Thursday, May 28, 2009

We know how this story will end

Normally I pontificate about business model problems with newspapers or television. But the third leg of the 20th century mass media, radio, has exactly the same problems. Largely unnoticed by the general public — except for the Clear Channel death throes — broadcast radio is heading to the same ignominious end as awaits dead tree papers and broadcast TV.

Earlier this month, Boston Globe columnist Jeff Jacoby interviewed radio analyst Michael Harrison. Most of it was about talk radio — both conservative and liberal — but there were some important general points about radio’s viability:

Q: How big is talk radio? How does it fit within the larger radio universe?

A: Well, the talk-radio universe is affected by the economy, and the recession has been brutal to all advertising-based media. AM and FM radio are also faced with technological change taking away its monopoly on mass-appeal audio entertainment and information. You've got competition from cable television; you've got iPods and podcasts and iTunes; you've got satellite radio. And you have the Internet, which is changing everything. That being said, within the world of radio, talk has a huge following that's growing. The baby boomers grew up with radio. Radio personalities meant something in their life. They know how to use a radio.

Q: Doesn't everybody?

A: No. Many kids don't even have radios. The biggest problem facing radio is that the younger generation doesn't think of it as an institutional component of day-to-day life. And if people stop thinking of radio that way, then what's the value of owning a license to broadcast? That's why radio is in trouble.
And then to the proposal (opposed by the right wing blogosphere) to re-impose the “Fairness Doctrine”:
Q: Some people have suggested that instead of making broadcast licenses renewable every eight years, they should last only two years - that would put station owners on the spot more frequently, make them more susceptible to pressure.

A: Look, if we were coming into the golden age of radio, I would say, "Sure, owning a radio license is a privilege. It should serve the community. People should have to jump through hoops to have this privilege." But it's not such a privilege anymore. It's mired in debt, it's choked with regulation. And it's surrounded by competition that's not regulated and not in debt. Why make it even harder?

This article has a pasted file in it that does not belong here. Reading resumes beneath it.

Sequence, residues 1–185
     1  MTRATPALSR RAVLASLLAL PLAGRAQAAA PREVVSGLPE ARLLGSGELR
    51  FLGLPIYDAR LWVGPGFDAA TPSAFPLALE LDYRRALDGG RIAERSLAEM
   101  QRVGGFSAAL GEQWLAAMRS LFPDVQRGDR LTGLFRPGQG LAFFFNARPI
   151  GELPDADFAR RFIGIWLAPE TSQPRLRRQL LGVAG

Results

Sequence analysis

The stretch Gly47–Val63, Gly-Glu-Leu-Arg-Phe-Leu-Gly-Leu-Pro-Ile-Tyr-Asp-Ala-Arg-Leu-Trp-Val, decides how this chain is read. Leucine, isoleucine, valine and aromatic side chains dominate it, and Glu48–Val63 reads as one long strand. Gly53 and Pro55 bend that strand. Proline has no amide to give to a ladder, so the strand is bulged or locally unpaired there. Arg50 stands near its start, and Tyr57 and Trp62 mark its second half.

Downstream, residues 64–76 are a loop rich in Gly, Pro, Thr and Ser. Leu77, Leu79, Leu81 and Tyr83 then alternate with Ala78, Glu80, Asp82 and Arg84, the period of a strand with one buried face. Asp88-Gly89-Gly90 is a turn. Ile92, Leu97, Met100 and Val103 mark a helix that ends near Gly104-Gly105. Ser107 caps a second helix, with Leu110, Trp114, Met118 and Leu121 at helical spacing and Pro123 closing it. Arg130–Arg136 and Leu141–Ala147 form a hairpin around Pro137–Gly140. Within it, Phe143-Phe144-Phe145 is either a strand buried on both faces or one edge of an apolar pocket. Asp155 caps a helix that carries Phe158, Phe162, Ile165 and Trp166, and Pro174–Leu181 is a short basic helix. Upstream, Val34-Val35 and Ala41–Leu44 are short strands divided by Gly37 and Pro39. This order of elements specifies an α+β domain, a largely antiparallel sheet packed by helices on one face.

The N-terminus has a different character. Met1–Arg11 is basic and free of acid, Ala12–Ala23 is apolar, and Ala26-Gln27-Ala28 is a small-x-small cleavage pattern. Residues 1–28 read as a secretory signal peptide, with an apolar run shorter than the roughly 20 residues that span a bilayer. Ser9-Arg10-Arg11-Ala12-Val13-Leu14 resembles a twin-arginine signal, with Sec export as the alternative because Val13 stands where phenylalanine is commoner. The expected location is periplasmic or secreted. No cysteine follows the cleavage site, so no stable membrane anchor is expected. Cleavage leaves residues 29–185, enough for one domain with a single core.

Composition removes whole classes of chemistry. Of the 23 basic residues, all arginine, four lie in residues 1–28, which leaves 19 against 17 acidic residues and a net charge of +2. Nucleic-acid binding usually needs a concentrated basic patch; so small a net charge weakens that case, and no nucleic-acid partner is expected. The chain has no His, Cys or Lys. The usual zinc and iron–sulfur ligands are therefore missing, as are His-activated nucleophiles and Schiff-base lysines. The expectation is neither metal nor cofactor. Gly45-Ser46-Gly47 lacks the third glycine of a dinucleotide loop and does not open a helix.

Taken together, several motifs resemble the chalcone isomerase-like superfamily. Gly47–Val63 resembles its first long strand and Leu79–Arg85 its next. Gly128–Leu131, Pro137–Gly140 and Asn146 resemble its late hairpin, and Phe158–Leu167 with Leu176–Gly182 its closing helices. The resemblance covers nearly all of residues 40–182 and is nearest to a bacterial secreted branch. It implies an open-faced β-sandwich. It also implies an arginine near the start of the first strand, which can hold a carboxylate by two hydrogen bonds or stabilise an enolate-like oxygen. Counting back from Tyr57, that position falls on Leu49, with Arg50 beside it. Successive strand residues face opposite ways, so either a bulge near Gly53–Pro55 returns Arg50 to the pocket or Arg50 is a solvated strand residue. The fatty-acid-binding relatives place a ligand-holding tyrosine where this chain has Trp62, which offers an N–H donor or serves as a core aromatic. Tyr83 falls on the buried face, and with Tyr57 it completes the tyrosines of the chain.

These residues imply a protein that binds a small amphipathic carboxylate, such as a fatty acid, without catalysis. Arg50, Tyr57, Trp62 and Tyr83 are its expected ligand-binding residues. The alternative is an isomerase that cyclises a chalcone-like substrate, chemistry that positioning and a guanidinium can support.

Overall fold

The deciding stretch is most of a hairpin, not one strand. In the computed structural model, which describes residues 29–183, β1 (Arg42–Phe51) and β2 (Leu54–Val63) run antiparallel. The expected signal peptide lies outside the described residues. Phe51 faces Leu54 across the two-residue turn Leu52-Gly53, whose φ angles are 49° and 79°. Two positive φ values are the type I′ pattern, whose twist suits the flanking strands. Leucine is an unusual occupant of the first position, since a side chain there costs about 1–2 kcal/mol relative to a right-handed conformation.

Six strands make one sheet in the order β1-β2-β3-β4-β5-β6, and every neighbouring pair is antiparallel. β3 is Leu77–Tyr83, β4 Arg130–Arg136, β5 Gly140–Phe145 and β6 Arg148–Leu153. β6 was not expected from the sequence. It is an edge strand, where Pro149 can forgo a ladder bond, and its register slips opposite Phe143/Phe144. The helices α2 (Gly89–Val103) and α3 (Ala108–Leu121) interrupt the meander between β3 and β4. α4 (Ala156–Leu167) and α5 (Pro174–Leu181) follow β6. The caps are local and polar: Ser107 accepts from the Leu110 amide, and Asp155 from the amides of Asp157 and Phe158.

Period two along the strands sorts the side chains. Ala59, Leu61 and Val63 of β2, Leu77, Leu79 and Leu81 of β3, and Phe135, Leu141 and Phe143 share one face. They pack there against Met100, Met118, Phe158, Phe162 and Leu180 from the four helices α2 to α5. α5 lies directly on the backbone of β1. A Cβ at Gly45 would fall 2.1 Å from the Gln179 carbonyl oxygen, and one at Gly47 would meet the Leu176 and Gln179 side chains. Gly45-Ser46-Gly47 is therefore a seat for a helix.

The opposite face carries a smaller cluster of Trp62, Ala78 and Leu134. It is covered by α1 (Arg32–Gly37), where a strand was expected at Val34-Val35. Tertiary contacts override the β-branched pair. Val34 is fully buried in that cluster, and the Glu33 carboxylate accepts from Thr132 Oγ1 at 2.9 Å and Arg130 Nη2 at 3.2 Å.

If you think about it, a broadcast license (TV or radio) was once a license to print money: a government-sanctioned monopoly (premised on RF scarcity) that was valuable in perpetuity. Now, while Internet has high entry barriers in terms of network effects and advertising costs, it has no formal regulatory barriers and thus (in principle) no upper limit on the number of entrants.

Things have changed dramatically in my mother’s lifetime (My dad died in 1995). For my parents, radio was the first mass medium — the only way that all Americans could participate in the same news during the Depression (FDR’s Fireside Chats) and WW II (Edward R. Murrow.) For people my age, radio was what you turn to after an earthquake or during a war; it also keeps me company during long drives across California. For my daughter, or will probably be all the news she ever needs — until she’s 30 and something even cooler comes along.

Indeed, for Harrison, the end is coming much sooner than people think:
Q: How many good years does talk radio have left?

A: AM/FM radio has about five good years left, if that. And what we consider to be radio today will be on the Internet. And the Internet websites will be media stations. The Internet is not only going to change radio; it's going to change humanity. That's how profound this revolution in communication will be.
If that’s true, I wonder who the surviving Internet radio stations will be. Will it be the online versions of the existing broadcast stations (who now have a huge royalty advantage)? Will it be Sirius XM and other premium services? Will it be Live365, Pandora and other web-specific aggregators? Will it be stations bundled under iTunes and the like?

Or will the idea of a stream and “station” go away? For music, Last.FM provides songs on demand. I’ve found that podcasts work much better than streaming for a medium length interviews (10-30 minutes), although (as with HTML pages) only some publishers are committed to making them available on a permanent basis.

I was recently wondering whether to retrofit an HD radio onto my 2000 pickup. I guess at this point I should plan to replace my dead iPod and just download podcasts for the long drives.

No comments: